Skip to content

AI in the Classroom: Where Are We Now?

Professional Development Day – August 24, 2023 – Jerry Slezak

AI tools like ChatGPT are changing the way teaching and learning is happening. While these tools can be helpful, there is considerable concern that AI allows students to submit assignments (writing, math, computer code, art, music, etc.) that shortcut learning. This presentation will update faculty on the state of AI, provide general strategies faculty can use now to prepare their courses, and present the ongoing plans to help faculty navigate the impacts of AI in the classroom.

What We Will Discuss Today:

  • Understanding what AI is, what it isn’t, and how you already use it
  • What does an AI do and how?
  • Limitations, ethical issues, and AI detectors
  • What can I do for my classes this semester?
  • Communicating with students and setting expectations
  • Looking forward
  • Your questions and comments

Brief Overview – What Is AI?

ChatGPT is what is generally referred to as AI, but it does not encompass all that is AI – it is only one application that uses generative AI technology, but it is the one that has garnered the most press.

AIs exist for creation of not just writing, but also computer code, music, and many others. The website AI Scout shows the breadth and depth of AI tools available: https://aiscout.net/

AI isn’t new – you already use it in technologies like Maps and Navigation, Facial Detection and Recognition, text editors, spell checkers, next word prediction, etc.

This article compares the wave of technological change that is AI, and particularly ChatGPT, to something we have seen before: microwave ovens.

What Does ChatGPT Do, and How?

ChatGPT is known as a Large Language Model (LLM). It is not actually “intelligent” but more of a prediction machine. When ChatGPT is asked a question, it responds with what it thinks the most common response would be based on all of the writing it has been “trained” on. It continues to “predict” the next word until it has created “human readable” text.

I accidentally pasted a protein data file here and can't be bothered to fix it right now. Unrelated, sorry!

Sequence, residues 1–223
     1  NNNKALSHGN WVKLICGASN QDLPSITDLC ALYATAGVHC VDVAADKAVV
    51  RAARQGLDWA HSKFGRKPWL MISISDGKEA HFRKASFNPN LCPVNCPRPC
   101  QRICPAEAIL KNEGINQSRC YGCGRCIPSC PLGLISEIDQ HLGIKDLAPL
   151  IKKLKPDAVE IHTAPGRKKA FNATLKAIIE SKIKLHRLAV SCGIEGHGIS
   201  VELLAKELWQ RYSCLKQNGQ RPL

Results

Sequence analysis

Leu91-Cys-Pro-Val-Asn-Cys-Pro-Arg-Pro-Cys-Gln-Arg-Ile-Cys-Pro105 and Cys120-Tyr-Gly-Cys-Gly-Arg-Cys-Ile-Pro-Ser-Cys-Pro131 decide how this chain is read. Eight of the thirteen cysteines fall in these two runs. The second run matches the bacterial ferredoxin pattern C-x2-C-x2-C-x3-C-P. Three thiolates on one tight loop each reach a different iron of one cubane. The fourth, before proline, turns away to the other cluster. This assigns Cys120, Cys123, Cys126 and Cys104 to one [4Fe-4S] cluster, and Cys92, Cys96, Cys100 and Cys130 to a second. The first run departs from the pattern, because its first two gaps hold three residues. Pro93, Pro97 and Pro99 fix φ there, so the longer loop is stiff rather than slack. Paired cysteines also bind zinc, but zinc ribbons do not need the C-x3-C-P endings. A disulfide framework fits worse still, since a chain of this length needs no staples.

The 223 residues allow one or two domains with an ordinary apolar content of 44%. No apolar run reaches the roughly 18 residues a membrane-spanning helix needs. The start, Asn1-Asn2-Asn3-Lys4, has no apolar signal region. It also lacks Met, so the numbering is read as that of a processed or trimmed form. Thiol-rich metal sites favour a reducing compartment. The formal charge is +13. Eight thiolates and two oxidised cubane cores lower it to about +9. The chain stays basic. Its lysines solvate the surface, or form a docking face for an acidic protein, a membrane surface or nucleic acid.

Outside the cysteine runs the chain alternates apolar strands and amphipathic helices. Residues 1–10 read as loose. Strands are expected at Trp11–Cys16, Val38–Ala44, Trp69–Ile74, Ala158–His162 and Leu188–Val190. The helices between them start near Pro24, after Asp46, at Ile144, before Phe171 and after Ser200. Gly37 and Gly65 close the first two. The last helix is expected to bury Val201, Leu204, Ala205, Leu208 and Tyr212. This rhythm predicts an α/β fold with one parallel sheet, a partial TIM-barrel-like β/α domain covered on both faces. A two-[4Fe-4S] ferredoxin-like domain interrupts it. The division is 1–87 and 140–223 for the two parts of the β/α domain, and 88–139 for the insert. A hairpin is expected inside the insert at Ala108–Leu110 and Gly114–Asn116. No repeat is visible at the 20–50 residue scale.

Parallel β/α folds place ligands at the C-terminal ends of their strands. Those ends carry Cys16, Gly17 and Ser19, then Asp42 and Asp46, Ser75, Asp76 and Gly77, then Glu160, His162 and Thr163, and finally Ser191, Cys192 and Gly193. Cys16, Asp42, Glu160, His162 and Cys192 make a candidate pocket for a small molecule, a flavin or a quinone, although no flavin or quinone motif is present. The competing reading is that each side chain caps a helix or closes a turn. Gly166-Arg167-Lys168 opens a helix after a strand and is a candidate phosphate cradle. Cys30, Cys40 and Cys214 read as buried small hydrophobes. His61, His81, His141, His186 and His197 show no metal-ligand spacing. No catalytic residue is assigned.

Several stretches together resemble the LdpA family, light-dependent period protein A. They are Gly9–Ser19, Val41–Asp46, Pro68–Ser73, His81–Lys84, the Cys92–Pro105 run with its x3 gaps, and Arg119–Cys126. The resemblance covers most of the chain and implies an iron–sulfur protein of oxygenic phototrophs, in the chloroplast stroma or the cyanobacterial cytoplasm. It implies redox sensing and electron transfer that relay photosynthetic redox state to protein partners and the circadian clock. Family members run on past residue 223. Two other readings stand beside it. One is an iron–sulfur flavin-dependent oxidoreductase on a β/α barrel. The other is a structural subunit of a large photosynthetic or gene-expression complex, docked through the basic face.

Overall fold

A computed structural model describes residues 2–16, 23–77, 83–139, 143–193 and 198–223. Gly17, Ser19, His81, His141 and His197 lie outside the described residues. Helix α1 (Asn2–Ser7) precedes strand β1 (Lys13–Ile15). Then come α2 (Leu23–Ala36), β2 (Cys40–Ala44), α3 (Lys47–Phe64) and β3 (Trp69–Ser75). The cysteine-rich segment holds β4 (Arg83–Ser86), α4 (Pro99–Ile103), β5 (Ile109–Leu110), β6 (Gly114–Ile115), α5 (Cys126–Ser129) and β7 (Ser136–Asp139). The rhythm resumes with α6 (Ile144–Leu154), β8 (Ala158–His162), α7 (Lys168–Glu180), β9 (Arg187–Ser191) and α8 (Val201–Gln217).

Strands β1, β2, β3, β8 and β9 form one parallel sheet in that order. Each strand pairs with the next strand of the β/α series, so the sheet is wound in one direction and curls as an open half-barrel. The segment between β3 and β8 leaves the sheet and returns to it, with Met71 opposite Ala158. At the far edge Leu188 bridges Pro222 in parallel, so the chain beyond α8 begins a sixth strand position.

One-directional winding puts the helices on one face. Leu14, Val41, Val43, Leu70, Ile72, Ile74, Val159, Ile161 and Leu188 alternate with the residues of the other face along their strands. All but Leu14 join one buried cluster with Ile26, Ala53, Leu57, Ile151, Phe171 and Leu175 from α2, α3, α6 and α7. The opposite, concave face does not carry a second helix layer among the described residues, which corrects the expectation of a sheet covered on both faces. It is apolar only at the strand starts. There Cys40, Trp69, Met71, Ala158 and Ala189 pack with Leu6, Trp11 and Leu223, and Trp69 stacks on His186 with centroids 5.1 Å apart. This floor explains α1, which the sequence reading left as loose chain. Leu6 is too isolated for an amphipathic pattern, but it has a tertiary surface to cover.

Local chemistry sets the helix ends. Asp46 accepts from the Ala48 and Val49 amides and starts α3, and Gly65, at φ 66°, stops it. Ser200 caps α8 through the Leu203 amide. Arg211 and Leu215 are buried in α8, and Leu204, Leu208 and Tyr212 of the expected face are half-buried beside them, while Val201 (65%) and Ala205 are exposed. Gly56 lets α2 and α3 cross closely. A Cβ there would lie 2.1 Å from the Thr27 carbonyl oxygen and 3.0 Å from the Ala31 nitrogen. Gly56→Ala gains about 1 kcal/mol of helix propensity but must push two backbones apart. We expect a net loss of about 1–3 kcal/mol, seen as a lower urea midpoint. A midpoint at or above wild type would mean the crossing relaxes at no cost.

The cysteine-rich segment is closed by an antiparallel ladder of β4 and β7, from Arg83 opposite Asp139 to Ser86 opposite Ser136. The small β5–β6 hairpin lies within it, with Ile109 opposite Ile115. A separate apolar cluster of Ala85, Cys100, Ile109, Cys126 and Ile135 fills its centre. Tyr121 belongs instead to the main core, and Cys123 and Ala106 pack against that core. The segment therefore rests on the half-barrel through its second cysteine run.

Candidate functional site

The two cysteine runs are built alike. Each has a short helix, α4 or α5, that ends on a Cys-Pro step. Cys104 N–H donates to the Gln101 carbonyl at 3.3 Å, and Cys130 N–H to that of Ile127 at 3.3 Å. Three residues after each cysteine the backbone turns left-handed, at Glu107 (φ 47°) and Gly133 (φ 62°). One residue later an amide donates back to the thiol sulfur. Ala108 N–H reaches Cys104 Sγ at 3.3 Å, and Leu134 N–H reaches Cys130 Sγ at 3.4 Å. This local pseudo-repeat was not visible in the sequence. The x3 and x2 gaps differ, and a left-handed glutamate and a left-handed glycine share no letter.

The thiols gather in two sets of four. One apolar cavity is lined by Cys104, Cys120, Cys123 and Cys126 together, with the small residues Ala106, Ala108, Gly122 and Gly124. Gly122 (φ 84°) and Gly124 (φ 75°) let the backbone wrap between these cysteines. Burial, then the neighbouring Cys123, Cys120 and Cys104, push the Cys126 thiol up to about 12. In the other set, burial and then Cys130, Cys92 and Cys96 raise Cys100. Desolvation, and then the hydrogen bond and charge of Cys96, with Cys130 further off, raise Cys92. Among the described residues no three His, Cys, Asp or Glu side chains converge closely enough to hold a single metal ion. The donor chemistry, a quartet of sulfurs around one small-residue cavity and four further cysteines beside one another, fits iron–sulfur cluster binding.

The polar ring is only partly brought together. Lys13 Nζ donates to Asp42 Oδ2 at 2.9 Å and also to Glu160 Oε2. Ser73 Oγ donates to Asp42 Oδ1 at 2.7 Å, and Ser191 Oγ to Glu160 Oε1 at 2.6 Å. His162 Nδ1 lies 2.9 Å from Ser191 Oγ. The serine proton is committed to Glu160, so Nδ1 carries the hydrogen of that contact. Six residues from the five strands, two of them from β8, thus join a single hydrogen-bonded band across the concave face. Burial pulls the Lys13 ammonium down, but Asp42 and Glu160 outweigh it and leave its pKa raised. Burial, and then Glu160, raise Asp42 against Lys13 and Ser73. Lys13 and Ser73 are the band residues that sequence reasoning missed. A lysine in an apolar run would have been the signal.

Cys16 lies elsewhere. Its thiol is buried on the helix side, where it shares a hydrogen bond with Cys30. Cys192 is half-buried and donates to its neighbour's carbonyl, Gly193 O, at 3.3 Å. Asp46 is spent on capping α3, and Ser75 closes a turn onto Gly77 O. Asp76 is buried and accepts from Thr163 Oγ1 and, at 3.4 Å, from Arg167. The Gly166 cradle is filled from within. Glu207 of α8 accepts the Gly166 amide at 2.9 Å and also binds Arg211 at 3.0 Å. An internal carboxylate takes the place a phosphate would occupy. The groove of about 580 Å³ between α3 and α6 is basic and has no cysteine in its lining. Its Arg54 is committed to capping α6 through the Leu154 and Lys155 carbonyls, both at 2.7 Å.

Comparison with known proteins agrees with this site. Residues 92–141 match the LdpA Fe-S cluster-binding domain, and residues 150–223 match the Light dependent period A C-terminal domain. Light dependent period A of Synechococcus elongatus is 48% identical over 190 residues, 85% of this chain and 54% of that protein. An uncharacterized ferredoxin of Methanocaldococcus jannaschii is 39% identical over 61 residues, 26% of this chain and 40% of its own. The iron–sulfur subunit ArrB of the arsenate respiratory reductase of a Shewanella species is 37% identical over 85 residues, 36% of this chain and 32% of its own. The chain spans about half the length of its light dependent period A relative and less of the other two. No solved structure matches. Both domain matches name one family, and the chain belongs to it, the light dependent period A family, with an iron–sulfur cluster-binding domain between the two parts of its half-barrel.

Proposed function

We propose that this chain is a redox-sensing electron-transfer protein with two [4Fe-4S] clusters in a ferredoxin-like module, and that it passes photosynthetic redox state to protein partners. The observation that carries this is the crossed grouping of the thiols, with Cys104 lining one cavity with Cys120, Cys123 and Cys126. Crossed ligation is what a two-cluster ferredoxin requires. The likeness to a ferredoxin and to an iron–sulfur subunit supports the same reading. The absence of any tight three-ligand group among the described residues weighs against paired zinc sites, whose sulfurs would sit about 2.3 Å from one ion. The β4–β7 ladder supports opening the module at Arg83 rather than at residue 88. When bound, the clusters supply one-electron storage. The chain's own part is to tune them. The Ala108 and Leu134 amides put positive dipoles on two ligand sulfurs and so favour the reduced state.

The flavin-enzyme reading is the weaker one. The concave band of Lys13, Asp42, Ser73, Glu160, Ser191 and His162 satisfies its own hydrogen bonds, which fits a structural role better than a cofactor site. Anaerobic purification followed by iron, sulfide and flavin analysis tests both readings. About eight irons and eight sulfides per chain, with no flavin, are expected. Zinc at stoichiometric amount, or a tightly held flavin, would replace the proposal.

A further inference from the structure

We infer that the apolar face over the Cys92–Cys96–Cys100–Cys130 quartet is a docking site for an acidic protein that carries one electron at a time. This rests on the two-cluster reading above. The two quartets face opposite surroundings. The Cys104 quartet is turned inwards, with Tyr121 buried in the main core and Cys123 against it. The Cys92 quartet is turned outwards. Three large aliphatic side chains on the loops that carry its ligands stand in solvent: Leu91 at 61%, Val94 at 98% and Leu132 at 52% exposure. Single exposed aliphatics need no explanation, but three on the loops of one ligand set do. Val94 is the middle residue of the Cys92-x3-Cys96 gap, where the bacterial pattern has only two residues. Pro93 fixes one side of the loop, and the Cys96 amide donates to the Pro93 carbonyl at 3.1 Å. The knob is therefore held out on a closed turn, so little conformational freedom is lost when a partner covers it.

ChatGPT produces coherent written responses to a user’s prompt, and can further refine the result based on feedback from the user. Responses are based on predicting the next word that would follow the previous word based on the prompt given. Responses are clearly structured and grammatically correct. It can also generate and debug computer code, do math problems (to varying degrees of accuracy), proofread and edit your writing.

LLMs are trained on data. Their learning a lot more like biological learning (e.g. evolution) than a computer program where someone writes instructions in the code.

Limitations of ChatGPT (and Other AIs)

ChatGPT doesn’t really know anything, except what text is likely to follow preceding text. This is why it “hallucinates” non-existent things (like science journal names, article titles, sources) into existence when it gets stuck – they are statistically plausible. (UPDATE: Article from CNBC on which AI model hallucinates most)

Limitations include:

  • creation of plausible-sounding but incorrect or false results
  • biased or inappropriate content
  • can spread misleading information (intentionally and unintentionally)
  • difficulties generating citations
  • Not trained on data prior to September of 2021
  • Can get better (or worse) over time
  • May require accounts or paid memberships to use

Ethical Implications

  • Responses are based on the information that was used to train the AI. This can lead to racial and gender biased responses based on the training material used.
  • The sources used to generate responses are difficult or impossible to cite as the system does not provide a citation for what sources it uses to create responses
  • Intellectual property of others has been used to “train” the system without their permission
  • Since ChatGPT conversations are stored and used to train future models, any inaccurate information entered can later be reproduced as a response.

AI Detectors

  • False positives – Accuracy (or lack thereof) – no detection method is 100% accurate. Many claim accuracy over 90%, but this is difficult to verify.
  • False negatives – Detectors can be fooled by paraphrasing some or all of the text generated by an AI.
  • Detector creation becomes an “arms race” similar to hackers that write viruses and software that detects viruses. AI writing will get better over time, and there will be new strategies to foil the detectors.